Ross Nelson v. United Parcel Service, No. 08-4042 (7th Cir. 2009)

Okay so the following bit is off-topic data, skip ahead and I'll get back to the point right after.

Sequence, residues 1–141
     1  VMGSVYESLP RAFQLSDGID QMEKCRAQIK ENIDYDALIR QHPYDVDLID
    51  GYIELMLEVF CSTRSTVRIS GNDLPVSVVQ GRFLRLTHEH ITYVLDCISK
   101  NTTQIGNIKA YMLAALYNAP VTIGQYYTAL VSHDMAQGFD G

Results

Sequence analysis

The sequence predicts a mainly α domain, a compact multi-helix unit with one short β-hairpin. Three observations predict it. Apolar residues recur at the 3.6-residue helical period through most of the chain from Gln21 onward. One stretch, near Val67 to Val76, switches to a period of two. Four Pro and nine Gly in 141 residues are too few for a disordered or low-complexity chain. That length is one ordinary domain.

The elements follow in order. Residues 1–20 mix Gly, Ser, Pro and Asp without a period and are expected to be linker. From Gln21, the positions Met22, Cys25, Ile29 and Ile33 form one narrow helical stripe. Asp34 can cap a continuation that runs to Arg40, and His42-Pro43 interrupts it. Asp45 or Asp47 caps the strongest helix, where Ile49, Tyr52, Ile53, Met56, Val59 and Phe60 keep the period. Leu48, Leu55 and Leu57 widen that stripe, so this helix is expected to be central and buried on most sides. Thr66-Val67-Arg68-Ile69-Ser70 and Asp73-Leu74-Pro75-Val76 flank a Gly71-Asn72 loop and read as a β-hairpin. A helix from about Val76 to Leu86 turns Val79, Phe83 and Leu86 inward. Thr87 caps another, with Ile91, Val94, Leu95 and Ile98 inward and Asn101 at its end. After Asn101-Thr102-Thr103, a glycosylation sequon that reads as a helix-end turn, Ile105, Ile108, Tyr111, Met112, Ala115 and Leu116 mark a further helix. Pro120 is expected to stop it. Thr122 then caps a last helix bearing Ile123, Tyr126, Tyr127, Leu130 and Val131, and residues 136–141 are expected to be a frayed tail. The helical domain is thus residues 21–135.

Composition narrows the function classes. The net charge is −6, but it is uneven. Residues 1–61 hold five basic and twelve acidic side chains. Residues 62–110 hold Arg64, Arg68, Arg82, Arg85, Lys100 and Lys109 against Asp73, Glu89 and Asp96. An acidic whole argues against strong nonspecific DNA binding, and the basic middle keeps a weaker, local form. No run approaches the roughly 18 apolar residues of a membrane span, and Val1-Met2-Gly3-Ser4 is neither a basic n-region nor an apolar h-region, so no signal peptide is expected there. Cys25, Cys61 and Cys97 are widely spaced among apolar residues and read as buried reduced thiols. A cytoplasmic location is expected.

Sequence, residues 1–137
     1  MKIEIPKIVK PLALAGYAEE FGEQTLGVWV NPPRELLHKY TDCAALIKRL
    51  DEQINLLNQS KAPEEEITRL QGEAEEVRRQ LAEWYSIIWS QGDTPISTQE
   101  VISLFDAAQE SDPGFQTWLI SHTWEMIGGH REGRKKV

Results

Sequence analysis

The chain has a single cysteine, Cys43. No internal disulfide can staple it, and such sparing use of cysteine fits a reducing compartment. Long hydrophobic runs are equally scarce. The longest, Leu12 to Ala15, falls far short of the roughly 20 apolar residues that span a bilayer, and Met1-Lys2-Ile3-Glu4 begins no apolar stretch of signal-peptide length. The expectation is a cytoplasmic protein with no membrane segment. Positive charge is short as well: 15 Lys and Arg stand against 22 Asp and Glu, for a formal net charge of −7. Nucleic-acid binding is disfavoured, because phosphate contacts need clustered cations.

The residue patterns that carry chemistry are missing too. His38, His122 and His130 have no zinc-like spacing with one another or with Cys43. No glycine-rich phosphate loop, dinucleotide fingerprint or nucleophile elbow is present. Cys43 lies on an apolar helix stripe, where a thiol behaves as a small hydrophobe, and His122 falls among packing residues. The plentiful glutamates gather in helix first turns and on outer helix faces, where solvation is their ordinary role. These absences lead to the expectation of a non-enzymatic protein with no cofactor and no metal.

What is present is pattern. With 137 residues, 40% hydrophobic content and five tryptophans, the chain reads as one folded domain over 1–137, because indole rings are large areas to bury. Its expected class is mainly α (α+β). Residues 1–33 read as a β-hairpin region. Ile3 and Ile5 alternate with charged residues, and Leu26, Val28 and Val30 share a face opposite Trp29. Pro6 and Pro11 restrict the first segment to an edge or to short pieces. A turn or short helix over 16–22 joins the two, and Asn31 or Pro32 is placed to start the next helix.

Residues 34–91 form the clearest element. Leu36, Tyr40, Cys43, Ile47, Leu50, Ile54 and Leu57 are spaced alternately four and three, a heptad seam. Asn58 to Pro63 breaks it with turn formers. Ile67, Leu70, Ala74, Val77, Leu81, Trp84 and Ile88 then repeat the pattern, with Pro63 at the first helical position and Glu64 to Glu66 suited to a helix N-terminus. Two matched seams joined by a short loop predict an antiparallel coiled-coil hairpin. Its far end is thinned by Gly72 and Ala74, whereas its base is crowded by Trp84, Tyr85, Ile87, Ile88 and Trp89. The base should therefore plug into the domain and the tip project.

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NONPRECEDENTIAL DISPOSITION To be cited only in accordance with Fed. R. App. P. 32.1 United States Court of Appeals For the Seventh Circuit Chicago, Illinois 60604 Argued July 7, 2009 Decided July 15, 2009 Before RICHARD A. POSNER, Circuit Judge MICHAEL S. KANNE, Circuit Judge DIANE S. SYKES, Circuit Judge No. 08-4042 ROSS L. NELSON, Plaintiff-Appellant, v. UNITED PARCEL SERVICE, INC., Defendant-Appellee. Appeal from the United States District Court for the Northern District of Illinois, Eastern Division. No. 06 C 1428 Rebecca R. Pallmeyer, Judge. ORDER Ross Nelson, a 52-year-old black man, sued United Parcel Service for firing him on the basis of his race and age in violation of Title VII of the Civil Rights Act and the Age Discrimination Act. See 42 U.S.C. §§ 2000e et seq. and 29 U.S.C. §§ 621 et seq. The district court granted summary judgment in favor of UPS and we affirm. Nelson had been a part-time employee of UPS and a member of Teamsters Local 705 Union for five years when in the summer of 2005, he became a seasonal package car driver. No. 08-4042 Page 2 UPS s summer season runs from Easter through the Friday after Labor Day, and UPS temporarily promotes part-time employees during its summer season to cover for full-time drivers who are on vacation. Nelson trained for two weeks before working as a driver in the Naperville Center, but after complaining that he did not have the opportunity to work enough hours, he succeeded in transferring to UPS s facility in Palatine, Illinois, where Krystin Krause was the manager. While working at the Palatine Center, Nelson regularly misdelivered packages, and UPS supervisors had to ride with him nine times to help him improve his performance. At the end of the summer season, Krause met with Nelson and a union representative and informed Nelson that UPS was transferring him back to a part-time position. Nelson believed that the collective-bargaining agreement entitled him to seniority as a driver, and so during the meeting, Krause and the union representative called Tom Haefke, the UPS District Labor Relations Manager, for clarification. Haefke told Nelson that his part-time position was the only one available to him, and if he refused it, he would be terminated. Nelson nonetheless insisted on seniority and the full-time position; he refused the part-time job. As predicted, Haefke terminated him. Nelson then filed a grievance with his union claiming that UPS fired him on the basis of his age and race, but the union ultimately decided not to pursue the grievance. Nelson then sued UPS for age and racial discrimination. Nelson claimed that while working at the Palatine facility, Krause referred to him as Old Silver nearly every other day and that his division manager, Waring Lester, informed him that Krause and other supervisors had said he was too old and slow for the job. According to Nelson, Lester told him that the supervisor s remarks were motivated by racism. Nelson also alleged that after the meeting where he was told he would be terminated if he did not accept his part-time job, he overheard Krause say, we are going to fire that nigger today. UPS filed for summary judgment and included affidavits provided by Lester disputing these claims. Krause, who had since left UPS and could not be located, did not provide an affidavit. The district judge granted UPS s motion for summary judgment. The judge concluded that Nelson had failed to show discrimination under either the direct or indirect method of proof. The judge reasoned that Krause s alleged comments regarding Nelson s age were insufficient to create a convincing mosaic supporting a circumstantial case of discrimination under the direct method, and that Krause s alleged comment that she intended to fire that nigger today was not relevant because it was uttered after UPS had decided to fire Nelson. As for the indirect case, the judge concluded that Nelson had failed to identify any similarly situated employees who were treated more favorably. No. 08-4042 Page 3 On appeal Nelson argues that the district court should have considered Krause s comments about his age as direct evidence of discriminatory intent rather than part of the mosaic establishing a circumstantial case. To make a noncircumstantial case under the direct method of proof, Nelson would have to present evidence which, if believed by a jury, would prove that UPS acted with discriminatory intent: an admission or near admission that the employer s decision was discriminatory. See Nagle v. Vill. of Calumet Park, 554 F.3d 1106, 1114 (7th Cir. 2009); Hemsworth v. Quotesmith.com, Inc., 476 F.3d 487, 490-91 (7th Cir. 2007). But Krause s comments that Nelson was too old and too slow, as well as repeated references to him as Old Silver, are nothing more than stray remarks disconnected from the decision to terminate Nelson and do not constitute an admission that he was fired because of his age. See Hemsworth, 476 F.3d at 491. Nelson also argues that the district court should have considered Krause s alleged comment that she was going to fire that nigger today as direct, noncircumstantial proof that he was fired based on his race. Although Nelson is correct that we can consider the comment even though it was made after the decision to return Nelson to part-time work had been made, see Nagle, 554 F.3d at 1115, it is the only evidence of discrimination on the basis of race in the entire record. The comment, though reprehensible if indeed it was made, proves only that Krause referred to Nelson using a racist epithet and that she personally harbored racial animus; it does not alone prove that UPS terminated Nelson because of his race. See Hemsworth, 476 F.3d at 491. The comment was not made by the actual decisionmaker, Labor Relations Manager Haefke, nor was it in any way attributed or imputed to him. Nelson also argues that the district court erred in finding that he failed to make a prima-facie case for discrimination under the indirect method of proof. He argues that UPS never offered a legitimate, nondiscriminatory reason to return him to part-time work. But UPS had to offer a nondiscriminatory reason only after Nelson made out a prima-facie case, which Nelson never did. See Antonetti v. Abbott Labs., 563 F.3d 587, 591 (7th Cir. 2009). In order to make out a prima-facie case for discrimination, Nelson must show that he (1) is a member of a protected class; (2) is qualified for the position; (3) was rejected for the position; and (4) the position was given to someone who was outside of his protected class and was similarly or less qualified than him. Jackson v. City of Chicago, 552 F.3d 619, 622 (7th Cir. 2009) (citing McDonnell Douglas Corp. v. Green, 411 U.S. 792 (1973)). As the district court pointed out, Nelson offered no evidence to satisfy step four. Although at summary judgment Nelson submitted the names of several employees whom he claimed were younger than him and retained after seasonal employment, UPS provided proof that none of those employees were retained as permanent drivers. Nelson still cannot point to any UPS employee similarly situated to him who received better treatment than he did, and No. 08-4042 Page 4 thus he failed to make out an indirect case for racial or age discrimination. Finally, the parties devote considerable attention to arguing whether Nelson had obtained seniority under the collective-bargaining agreement and was therefore demoted when UPS returned him to part-time work. Because we hold that UPS is entitled to summary judgment in any case, we need not address that question here. AFFIRMED.